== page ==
It is a historical fact that it was the "West" that invented the idea of basic human rights. Or did we not invent them, but discovered them, because they are quasi supernatural, universal, they apply to all people and at all times?
But if it is true that human rights are universal, it follows logically that morality cannot be subjective.
In this case, there are fundamental (objective!) moral norms (human rights are basically nothing but fundamental moral norms) which we discover just in the same way we discover natural laws: by using our reason.
For Western liberals, this is a real dilemma: on the one hand, they assume that human rights are universal. On the other hand, most believe that moral norms are associated with certain cultures, that is, each culture has a right to its own values and norms. Anything else would be Western cultural imperialism (a real bad thing to western Liberals).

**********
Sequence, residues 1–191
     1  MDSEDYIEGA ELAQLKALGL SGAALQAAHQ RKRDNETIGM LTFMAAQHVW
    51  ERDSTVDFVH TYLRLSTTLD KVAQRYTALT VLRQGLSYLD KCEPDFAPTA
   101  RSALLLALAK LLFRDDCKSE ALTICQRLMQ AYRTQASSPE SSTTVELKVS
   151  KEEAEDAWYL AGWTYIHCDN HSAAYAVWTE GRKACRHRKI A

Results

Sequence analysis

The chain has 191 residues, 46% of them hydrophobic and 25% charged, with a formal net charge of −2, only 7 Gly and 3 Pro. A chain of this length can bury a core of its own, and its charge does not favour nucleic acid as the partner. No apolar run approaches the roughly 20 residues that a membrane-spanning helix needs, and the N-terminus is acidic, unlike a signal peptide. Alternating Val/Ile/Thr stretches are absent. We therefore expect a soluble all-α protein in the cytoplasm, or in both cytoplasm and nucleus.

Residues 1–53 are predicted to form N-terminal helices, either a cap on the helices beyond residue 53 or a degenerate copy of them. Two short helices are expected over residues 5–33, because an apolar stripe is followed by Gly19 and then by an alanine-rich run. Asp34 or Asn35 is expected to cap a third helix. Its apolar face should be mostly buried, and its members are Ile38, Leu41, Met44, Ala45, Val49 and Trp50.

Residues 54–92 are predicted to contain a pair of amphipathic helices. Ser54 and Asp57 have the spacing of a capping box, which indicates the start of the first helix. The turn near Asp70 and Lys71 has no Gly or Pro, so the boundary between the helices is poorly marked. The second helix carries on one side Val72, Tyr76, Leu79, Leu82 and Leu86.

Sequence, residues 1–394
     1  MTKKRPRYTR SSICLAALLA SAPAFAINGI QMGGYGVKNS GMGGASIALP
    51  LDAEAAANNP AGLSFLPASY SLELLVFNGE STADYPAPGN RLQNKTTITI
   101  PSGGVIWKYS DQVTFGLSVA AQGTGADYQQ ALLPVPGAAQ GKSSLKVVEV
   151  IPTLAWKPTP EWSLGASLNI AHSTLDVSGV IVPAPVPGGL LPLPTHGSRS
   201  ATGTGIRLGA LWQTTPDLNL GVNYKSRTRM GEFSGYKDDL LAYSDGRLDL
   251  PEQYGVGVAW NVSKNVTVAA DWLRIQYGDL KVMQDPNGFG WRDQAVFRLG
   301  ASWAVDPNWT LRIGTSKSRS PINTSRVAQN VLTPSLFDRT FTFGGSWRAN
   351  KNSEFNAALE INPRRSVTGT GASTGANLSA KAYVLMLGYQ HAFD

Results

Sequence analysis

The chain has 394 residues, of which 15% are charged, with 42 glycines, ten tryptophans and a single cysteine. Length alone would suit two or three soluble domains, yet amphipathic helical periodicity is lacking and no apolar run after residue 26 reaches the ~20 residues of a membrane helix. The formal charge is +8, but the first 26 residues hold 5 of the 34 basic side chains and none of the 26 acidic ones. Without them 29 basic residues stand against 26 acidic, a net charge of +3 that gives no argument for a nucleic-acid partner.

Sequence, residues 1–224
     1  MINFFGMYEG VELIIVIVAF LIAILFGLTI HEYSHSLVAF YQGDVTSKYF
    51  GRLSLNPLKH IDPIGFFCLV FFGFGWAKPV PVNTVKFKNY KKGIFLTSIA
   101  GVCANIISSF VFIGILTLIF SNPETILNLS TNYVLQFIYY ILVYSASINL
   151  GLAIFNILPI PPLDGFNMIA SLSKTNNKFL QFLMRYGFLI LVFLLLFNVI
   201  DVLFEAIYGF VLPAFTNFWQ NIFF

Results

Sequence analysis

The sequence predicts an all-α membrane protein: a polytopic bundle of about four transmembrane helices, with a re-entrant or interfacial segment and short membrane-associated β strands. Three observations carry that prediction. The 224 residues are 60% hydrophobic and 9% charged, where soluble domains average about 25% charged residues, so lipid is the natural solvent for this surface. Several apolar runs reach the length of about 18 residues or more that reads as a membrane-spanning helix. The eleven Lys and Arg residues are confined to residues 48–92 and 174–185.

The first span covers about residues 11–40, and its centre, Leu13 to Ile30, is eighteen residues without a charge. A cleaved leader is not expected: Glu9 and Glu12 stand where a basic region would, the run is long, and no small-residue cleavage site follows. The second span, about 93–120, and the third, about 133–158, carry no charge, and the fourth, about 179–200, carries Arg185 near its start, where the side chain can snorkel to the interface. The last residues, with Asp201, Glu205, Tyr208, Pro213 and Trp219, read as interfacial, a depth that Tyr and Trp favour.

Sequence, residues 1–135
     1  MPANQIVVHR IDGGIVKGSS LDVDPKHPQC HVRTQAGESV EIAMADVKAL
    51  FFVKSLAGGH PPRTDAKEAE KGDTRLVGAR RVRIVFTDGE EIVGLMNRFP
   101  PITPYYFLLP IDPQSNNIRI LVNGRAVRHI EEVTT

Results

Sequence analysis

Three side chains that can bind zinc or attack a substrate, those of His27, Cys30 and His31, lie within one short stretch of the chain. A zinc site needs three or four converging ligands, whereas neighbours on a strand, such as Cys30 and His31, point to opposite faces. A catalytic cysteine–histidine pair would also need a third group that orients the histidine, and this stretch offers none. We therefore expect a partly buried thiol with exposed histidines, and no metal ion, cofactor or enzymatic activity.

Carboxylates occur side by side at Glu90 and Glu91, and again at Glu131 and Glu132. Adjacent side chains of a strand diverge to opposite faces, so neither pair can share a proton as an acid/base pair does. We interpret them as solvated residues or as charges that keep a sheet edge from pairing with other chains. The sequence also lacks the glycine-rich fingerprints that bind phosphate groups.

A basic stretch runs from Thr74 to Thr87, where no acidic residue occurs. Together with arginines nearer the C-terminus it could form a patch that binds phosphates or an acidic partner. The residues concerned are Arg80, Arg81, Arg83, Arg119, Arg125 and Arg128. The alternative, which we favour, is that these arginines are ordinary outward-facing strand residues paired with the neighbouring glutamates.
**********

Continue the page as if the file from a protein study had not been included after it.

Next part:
What about those cultures that reject the idea of universal human rights because they view them as a specific Western set of values and norms? There are intellectuals in China or India or Singapore who say that the idea of universal human rights only makes sense in an individualistic culture, where it is the individual who is the bearer of basic rights, and that the needs of the group or collective (family, caste, state...) is secondary, and therefore they reject the concept of human rights as a Western import that is alien to their own culture.
So what is the status of human rights: Are they necessarily associated to the individualistic Western culture? Or are they independent of the cultural background? If you opt for the latter: Why was it the West that invented or discovered it?